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Walters v. Sunrise Assisted Living of West Hills

June 18, 2010


The opinion of the court was delivered by: Honorable Jacqueline H. Nguyen


Alicia Mamer Not Reported N/A

Attorneys Present for Plaintiffs: Not present Attorneys Present for Defendants: Not present



On or about September 2, 2008, Plaintiff was diagnosed with breast cancer. (Compl., ¶ 11.) Plaintiff had been granted medical leave and was placed on disability while undergoing treatment, but on or about December 5, 2008, Plaintiff received a letter informing her that her work position was being terminated due to her inability to return to work by December 8, 2008. (Compl., ¶¶ 11,16.) Plaintiff filed suit in Los Angeles County Superior Court on March 18, 2010 against Sunrise Assisted Living of West Hills and Does 1 through 100, inclusive. Plaintiff alleged that "at no time did Defendants attempt to reasonably accommodate Plaintiff's disability, and at no time did Defendants attempt to engage in the interactive process in an attempt to find Plaintiff alternative employment within her work restrictions." (Compl., ¶ 21.) Plaintiff's complaint contained the following causes of action: Disability Discrimination; Failure to Accommodate a Disability; Failure to Participate in the Interactive Process; Wrongful Termination; Violation of California Family Rights Act; Intentional infliction of Emotional Distress; Failure to Produce Payroll Records; Failure to Pay all Wages Due and Owed at Time of Termination.

Defendant Sunrise Senior Living, Inc. filed a Notice of Removal pursuant to 28 U.S.C. §§ 1332(a), 1441(b), and 1446 on April 16, 2010, on the ground that "(1) there exists diversity of citizenship among the parties to this lawsuit and (2) the amount in controversy exceeds $75,000." (Docket no. 1, ¶ 3.) The Notice of Removal stated that Defendant had been incorrectly named as Sunrise Assisted Living of West Hills. (Id. at 1.) Defendant filed an Answer to the Complaint on April 23, 2010. (Docket no. 7.) Defendant filed an amended Answer to the Complaint on May 11, 2010. (Docket no. 9.) On May 17, 2010, Plaintiff filed a Motion to Remand. (Docket no. 15.) Defendants filed an opposition to this motion on June 7, 2010. (Docket no. 17.) The Court has considered the pleadings filed in this matter and deems it appropriate for decision without oral argument. See Fed. R. Civ. P. 78(b); Local Rule 7-15.


Removal to federal court is governed by 28 U.S.C. § 1441, which in relevant part states that "any civil action brought in a State court of which the district courts of the United States have original jurisdiction, may be removed by the defendant or the defendants[.]" 28 U.S.C. § 1441(a). The Court may remand a case to state court for lack of subject matter jurisdiction or defects in removal procedure.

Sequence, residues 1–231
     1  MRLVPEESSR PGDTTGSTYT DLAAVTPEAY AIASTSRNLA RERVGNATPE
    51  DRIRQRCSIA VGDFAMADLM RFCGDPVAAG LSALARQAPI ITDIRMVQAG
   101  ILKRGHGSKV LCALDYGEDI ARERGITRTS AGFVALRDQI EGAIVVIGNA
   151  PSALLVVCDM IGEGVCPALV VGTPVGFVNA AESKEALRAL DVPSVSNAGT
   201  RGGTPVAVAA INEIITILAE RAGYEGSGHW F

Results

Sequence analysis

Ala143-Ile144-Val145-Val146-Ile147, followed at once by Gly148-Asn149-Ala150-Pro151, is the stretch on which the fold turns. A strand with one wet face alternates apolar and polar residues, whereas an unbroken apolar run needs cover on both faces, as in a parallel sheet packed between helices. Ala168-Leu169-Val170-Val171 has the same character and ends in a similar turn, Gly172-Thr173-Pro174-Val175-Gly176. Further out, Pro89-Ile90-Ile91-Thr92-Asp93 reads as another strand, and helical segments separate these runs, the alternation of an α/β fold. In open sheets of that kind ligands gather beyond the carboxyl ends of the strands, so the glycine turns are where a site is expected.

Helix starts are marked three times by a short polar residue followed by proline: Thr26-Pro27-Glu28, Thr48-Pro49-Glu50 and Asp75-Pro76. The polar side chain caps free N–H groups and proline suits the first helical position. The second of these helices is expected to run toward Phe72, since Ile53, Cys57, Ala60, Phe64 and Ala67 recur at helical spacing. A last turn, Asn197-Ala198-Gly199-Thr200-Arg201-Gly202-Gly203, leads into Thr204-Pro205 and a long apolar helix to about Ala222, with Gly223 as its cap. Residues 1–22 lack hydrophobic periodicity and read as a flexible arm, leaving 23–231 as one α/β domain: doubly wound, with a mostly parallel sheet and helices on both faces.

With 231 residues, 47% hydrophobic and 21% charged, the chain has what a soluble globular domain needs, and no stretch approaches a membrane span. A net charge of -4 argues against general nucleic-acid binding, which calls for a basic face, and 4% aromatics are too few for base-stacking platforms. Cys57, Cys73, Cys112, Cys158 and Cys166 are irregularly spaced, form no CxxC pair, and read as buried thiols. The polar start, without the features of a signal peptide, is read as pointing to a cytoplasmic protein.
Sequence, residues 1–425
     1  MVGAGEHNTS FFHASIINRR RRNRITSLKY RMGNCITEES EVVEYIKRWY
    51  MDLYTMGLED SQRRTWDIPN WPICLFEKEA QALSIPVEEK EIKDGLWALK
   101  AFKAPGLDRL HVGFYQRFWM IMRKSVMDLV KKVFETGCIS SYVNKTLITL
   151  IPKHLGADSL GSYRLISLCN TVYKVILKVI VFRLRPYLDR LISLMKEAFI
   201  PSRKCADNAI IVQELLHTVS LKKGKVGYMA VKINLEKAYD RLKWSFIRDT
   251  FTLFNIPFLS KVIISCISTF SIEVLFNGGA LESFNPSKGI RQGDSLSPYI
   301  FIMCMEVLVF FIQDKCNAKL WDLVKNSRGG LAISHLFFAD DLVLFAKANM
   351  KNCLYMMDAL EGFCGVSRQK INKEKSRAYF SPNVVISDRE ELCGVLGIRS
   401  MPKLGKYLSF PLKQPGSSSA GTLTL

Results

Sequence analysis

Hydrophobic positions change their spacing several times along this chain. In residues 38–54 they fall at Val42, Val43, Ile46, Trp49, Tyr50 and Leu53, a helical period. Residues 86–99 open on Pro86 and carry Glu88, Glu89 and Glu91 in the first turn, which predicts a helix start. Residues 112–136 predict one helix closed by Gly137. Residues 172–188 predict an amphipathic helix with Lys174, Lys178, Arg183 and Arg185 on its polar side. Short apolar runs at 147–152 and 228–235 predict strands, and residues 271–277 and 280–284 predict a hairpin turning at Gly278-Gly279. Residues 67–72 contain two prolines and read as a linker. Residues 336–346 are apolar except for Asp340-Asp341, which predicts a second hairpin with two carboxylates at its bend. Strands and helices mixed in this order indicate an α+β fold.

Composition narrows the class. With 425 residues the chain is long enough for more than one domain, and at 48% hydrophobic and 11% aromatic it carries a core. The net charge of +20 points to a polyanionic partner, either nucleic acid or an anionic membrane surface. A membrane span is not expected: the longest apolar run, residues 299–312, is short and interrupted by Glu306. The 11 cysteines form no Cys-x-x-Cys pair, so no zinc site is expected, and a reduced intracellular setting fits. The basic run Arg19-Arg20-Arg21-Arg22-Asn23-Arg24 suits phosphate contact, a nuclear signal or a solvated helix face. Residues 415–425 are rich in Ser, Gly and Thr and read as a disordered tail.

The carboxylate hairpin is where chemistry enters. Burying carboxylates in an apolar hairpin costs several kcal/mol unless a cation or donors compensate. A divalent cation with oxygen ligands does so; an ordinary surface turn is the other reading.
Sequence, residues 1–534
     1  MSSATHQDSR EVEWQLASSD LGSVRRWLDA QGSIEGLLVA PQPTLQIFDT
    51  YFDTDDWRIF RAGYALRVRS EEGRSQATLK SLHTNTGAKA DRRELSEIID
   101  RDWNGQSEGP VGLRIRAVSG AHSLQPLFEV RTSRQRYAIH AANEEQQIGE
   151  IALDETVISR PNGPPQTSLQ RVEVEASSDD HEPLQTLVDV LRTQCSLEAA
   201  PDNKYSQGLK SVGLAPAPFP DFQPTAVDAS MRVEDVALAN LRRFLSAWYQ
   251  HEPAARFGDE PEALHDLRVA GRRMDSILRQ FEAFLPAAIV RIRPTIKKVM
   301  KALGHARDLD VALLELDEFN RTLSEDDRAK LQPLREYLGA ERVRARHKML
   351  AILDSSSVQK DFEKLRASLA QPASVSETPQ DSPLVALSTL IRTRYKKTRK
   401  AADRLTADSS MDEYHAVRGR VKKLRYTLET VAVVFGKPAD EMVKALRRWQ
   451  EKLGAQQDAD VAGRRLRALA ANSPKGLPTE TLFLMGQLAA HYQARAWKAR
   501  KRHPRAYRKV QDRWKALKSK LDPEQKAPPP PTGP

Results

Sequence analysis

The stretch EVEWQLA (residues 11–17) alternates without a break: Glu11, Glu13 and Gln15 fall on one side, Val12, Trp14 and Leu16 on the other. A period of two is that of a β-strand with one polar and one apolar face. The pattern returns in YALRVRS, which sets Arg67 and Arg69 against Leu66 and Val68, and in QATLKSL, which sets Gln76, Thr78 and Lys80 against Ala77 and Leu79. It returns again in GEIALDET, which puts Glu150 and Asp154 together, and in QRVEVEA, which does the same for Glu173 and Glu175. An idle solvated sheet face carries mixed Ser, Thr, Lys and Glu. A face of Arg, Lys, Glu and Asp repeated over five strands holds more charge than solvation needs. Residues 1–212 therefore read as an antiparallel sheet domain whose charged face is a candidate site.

28 U.S.C. § 1447(c). "The burden of establishing federal jurisdiction is on the party invoking federal jurisdiction." U.S. v. Marks, 530 F.3d 799, 810 (9th Cir. 2008). The Ninth Circuit "strictly construe[s] the removal statute against removal jurisdiction," and "[f]ederal jurisdiction must be rejected if there is any doubt as to the right of removal in the first instance." Gaus v. Miles, Inc., 980 F.2d 564, 566 (9th Cir. 1992) (citing Boggs v. Lewis, 863 F.2d 662, 663 (9th Cir. 1988)). When a state court complaint does not specify an amount in damages, a defendant removing to federal court must prove, by a preponderance of the evidence, that the matter in controversy meets the required jurisdictional amount. Sanchez v. Monumental Life Ins. Co., 102 F.3d 398, 404 (9th Cir. 1996). The removing party bears the burden of "proving the facts to support jurisdiction, including the jurisdictional amount.... by a preponderance of evidence." Gaus, 980 F.2d at 566--67 (emphasis added and removed). A "mere averment" that the amount in controversy exceeds $75,000 is insufficient. Id. at 567. Neither does an allegation based on information and belief constitute proof by a preponderance of the evidence. Valdez v. Allstate Ins. Co., 372 F.3d 1115, 1117 (9th Cir. 2004). "If the amount in controversy is not clear on the face of the complaint... defendant must... submit summary-judgment type evidence to establish that the actual amount in controversy exceeds $75,000." Kenneth Rothschild Trust v. Morgan Stanley Dean Witter, 199 F. Supp. 2d 993, 1001 (C.D. Cal. 2002) (quotations omitted).


A. Diversity of Citizenship

Plaintiff's Motion to Remand states that Defendant's Notice of Removal is defective because "there is no statement that the parties are of diverse citizenship." (Docket no.15 at 6.) However, the Defendant's Notice of Removal specifies that Plaintiff is a resident of California and Defendant is incorporated in Virginia with its principal place of business in Virginia. (Notice of Removal, ΒΆ 4.) Plaintiff's Motion to Remand further alleges that Defendant has failed to establish complete diversity as "all evidence points to SALWH being a California entity. (Docket no.15 at 6.) However, Defendant's Notice of Removal states that the Complaint incorrectly named the Defendant, and contains a Declaration of Maryann Owen stating that ...

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